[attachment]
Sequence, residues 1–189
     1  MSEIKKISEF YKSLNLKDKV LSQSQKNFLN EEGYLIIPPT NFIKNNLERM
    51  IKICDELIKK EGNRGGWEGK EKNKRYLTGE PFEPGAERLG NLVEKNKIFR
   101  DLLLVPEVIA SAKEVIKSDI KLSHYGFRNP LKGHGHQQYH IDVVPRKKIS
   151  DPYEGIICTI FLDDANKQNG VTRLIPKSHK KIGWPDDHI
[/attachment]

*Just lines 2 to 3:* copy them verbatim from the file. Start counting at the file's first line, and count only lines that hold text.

     1  MSEIKKISEF YKSLNLKDKV LSQSQKNFLN EEGYLIIPPT NFIKNNLERM
    51  IKICDELIKK EGNRGGWEGK EKNKRYLTGE PFEPGAERLG NLVEKNKIFR